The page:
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[Opinion] An Open Letter: Dear Miriam Margolyes...

An open letter to Miriam Margolyes' addressing her recent comments on adult Harry Potter fans.

By Meg IlsleyPublished 2 months ago 6 min read
Miriam Margolyes. PHOTO: WARNER BROS.

"I worry about Harry Potter fans because they should be over that by now..."

If you're not the kind of person who keeps one eye on news from the world of Harry Potter as I do, you might not have heard these words come out of the mouth of Ms. Miriam Margolyes who played Professor Pomona Sprout, head of Hufflepuff House, in the Harry Potter series. Fans are understandably upset by these words, which are yet another set of words from people behind the Harry Potter series that only serve to alienate the people for whom these stories are an important and integral part of life. I am one of those people, one of those who found a home in the pages of a story about a boy wizard and his snowy owl. I am one of those people who Ms. Margolyes has criticised and hurt with her words, inasmuch as someone can be hurt by the words of someone they don't know.

So to Miriam Margolyes, I want to say a few words of my own...

Dear Miriam Margolyes,

What right do you have to tell fans of Harry Potter, of any book or movie for that matter, that they should be 'over' it by now? Who are you to say it is a story 'for children'? What business is it of yours what people - who you've likely never met - are fans of? Portraying one of the characters in the series, one who appeared a lot less in the movies than in the books I might add, does not make you an authority on Harry Potter. Hell, based on your portrayal of Professor Sprout, I would argue it does not even make you an authority on her character. Did you read the stories yourself or was Harry Potter just another role to you? Do you understand why the story of Harry and his friends resonates with so many people across generations?

No celebrity, least of all you, has the right to criticise fans for liking something that brought them happiness, comfort, and a sense of belonging when they were lost. No celebrity has the right to tell a fan something is 'for children' or they should be 'over it' by now. Especially not when those fans are part of the reason you had a pay cheque for that period of your life (and we know, from your turning down of a role in 'Agatha' based on the pay cheque, that money is clearly a motivator for you). But let me address your concerns for a moment, Ms. Margolyes. Let me tell you - as an adult fan of Harry Potter - what I think of your unfair criticisms and why I think you're wrong and need to check your privilege.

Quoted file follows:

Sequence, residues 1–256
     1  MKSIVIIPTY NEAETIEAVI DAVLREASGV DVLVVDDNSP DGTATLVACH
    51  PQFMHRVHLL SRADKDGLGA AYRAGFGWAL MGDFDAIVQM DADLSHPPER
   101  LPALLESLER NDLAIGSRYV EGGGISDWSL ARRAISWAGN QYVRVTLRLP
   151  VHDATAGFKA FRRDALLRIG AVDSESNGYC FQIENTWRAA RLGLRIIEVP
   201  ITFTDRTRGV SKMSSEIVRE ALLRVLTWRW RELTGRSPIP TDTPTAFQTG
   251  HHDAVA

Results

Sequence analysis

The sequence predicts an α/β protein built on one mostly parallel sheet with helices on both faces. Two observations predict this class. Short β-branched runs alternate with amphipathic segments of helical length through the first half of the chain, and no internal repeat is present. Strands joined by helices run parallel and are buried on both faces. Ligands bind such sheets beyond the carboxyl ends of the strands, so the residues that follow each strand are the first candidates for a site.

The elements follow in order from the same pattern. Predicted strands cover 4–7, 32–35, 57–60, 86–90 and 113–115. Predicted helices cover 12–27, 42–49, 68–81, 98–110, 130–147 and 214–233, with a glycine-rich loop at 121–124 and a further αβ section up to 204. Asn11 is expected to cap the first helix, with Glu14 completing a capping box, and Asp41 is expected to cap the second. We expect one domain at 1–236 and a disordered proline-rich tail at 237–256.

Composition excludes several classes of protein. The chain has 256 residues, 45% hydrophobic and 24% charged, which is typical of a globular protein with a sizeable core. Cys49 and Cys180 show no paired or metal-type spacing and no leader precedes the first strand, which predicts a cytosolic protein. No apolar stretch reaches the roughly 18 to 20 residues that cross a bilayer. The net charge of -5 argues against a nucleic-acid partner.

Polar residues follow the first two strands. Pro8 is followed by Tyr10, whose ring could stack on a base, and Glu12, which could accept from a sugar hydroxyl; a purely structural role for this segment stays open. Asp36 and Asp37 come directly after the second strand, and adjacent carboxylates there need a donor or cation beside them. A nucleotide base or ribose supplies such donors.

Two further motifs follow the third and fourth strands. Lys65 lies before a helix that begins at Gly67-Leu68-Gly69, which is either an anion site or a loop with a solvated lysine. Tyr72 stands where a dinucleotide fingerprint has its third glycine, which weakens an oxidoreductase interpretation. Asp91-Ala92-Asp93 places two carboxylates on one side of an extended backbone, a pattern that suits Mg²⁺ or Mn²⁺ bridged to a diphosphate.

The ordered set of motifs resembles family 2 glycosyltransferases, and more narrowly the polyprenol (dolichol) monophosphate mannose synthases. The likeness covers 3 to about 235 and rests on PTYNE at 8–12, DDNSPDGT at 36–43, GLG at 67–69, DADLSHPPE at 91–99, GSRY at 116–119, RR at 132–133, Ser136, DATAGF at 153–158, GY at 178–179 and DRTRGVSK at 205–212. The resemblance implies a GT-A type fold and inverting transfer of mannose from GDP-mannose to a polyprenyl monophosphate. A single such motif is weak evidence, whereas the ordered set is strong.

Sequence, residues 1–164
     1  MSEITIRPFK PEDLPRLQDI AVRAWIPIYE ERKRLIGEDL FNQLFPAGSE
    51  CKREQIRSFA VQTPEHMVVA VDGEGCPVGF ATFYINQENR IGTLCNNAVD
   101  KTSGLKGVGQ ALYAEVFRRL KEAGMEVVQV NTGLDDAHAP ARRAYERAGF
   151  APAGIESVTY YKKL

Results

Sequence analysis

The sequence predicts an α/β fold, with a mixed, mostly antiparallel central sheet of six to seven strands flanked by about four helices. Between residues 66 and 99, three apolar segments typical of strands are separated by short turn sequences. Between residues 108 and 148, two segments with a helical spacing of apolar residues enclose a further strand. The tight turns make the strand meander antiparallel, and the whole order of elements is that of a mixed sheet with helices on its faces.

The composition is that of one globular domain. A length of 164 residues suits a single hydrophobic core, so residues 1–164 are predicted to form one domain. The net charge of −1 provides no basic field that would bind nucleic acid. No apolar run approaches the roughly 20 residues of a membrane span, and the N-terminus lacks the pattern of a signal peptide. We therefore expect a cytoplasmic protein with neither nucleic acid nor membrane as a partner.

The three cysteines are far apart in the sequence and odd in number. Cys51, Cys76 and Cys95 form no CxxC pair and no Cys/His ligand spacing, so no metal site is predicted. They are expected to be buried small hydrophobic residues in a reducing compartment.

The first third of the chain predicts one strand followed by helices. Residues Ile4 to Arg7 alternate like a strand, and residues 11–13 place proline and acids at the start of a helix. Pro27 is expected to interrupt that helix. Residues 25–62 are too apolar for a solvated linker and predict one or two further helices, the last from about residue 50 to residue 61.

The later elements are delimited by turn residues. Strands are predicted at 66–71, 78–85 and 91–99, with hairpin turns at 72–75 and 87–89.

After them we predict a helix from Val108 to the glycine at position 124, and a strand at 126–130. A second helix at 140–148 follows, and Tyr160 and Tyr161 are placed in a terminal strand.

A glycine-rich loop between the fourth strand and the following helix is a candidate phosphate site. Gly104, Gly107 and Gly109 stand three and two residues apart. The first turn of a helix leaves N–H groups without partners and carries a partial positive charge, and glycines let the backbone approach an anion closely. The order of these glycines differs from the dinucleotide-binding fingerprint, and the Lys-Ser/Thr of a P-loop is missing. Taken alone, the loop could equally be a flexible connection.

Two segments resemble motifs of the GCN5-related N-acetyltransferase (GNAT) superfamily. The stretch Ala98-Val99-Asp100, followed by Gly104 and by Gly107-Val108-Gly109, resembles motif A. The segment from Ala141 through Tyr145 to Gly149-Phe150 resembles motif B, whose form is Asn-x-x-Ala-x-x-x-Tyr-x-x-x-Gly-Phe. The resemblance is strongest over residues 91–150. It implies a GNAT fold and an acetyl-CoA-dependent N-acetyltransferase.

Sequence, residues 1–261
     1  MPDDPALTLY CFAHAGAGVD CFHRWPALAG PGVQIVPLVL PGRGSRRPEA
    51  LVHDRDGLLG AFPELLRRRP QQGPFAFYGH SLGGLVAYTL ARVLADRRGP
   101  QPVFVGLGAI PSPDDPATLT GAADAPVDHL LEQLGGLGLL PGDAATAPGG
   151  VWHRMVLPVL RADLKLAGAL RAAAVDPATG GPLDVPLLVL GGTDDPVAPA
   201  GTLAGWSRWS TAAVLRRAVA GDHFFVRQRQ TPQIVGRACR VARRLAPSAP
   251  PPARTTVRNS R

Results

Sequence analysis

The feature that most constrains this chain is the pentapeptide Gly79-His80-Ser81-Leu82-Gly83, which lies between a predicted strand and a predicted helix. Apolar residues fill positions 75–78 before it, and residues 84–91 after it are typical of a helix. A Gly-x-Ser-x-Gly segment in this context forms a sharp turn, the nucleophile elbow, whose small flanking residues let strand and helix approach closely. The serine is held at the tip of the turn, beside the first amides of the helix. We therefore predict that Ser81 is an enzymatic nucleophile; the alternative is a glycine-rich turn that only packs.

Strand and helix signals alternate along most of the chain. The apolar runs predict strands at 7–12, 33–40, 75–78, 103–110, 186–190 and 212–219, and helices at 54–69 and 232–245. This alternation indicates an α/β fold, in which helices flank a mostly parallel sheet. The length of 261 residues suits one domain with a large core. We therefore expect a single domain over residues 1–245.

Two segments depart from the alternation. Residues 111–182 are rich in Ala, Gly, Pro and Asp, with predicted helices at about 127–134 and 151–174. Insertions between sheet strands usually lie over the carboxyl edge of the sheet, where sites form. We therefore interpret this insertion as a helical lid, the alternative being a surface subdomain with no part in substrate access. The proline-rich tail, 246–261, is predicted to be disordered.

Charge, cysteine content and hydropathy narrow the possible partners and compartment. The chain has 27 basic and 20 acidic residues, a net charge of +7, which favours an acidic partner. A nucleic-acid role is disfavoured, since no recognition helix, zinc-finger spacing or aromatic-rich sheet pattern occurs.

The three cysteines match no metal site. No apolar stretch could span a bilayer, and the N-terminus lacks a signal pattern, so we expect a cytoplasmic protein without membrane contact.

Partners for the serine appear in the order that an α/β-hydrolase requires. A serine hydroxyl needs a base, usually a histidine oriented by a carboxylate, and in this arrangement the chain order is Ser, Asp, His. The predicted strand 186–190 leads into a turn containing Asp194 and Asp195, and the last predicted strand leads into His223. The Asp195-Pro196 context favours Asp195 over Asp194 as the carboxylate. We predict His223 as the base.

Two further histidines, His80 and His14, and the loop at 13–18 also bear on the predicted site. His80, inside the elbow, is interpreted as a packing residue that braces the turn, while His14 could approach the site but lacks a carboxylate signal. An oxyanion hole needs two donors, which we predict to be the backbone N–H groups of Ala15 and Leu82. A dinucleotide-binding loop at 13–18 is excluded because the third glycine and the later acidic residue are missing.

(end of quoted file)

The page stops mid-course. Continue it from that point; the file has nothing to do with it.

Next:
First, let me tell you why I - as an adult fan of the Harry Potter series - will never 'get over' the stories. It is not a complicated answer; it is as simple as "Harry Potter made me feel like I belonged in a world where I was treated like - and felt like - a freak". It gave me comfort, happiness, and a sense of belonging during a time in my life where I had none of those in the real world. Harry Potter is like coming home after a long day to a hug from someone who cares about you. It is a place where I can go when things are tough and relive the magic I felt at eleven years old when I watched the first movie, or at seventeen when I stood in line for the final book. I can go on that journey time and time again, I can believe in something for a short time, and for the briefest of moments, I can feel like I belong and I am wanted. Have you ever felt lost like that, Ms. Margolyes? From all of your ignorant comments, I'd be willing to bet the answer is 'no'.

Second, let me tell you why I - as an adult fan of the Harry Potter series - don't believe Harry Potter is a story 'for children'. Don't get me wrong, in the beginning, the story of the boy wizard who is locked in a cupboard under the stairs, who is forgotten and abused by those who are supposed to care for them, and who is whisked away to a magical world that he had no idea existed, is a children's story. It is a tale similar to Cinderella or other fairy stories that have persisted through time. However, like fans of the series, Harry Potter and his friends, and the story being told about them, grew up. It got darker, it got more dangerous, it started tackling subject matter that was very much not for children. Harry, his friends, his peers, they are thrust into a war that is not of their making, a war that began long before their time.